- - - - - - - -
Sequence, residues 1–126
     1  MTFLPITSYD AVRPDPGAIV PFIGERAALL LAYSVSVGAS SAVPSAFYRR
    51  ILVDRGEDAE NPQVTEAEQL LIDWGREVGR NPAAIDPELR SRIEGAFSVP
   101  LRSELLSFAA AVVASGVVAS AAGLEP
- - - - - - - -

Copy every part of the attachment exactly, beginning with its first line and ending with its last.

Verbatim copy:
Sequence, residues 1–126
     1  MTFLPITSYD AVRPDPGAIV PFIGERAALL LAYSVSVGAS SAVPSAFYRR
    51  ILVDRGEDAE NPQVTEAEQL LIDWGREVGR NPAAIDPELR SRIEGAFSVP
   101  LRSELLSFAA AVVASGVVAS AAGLEP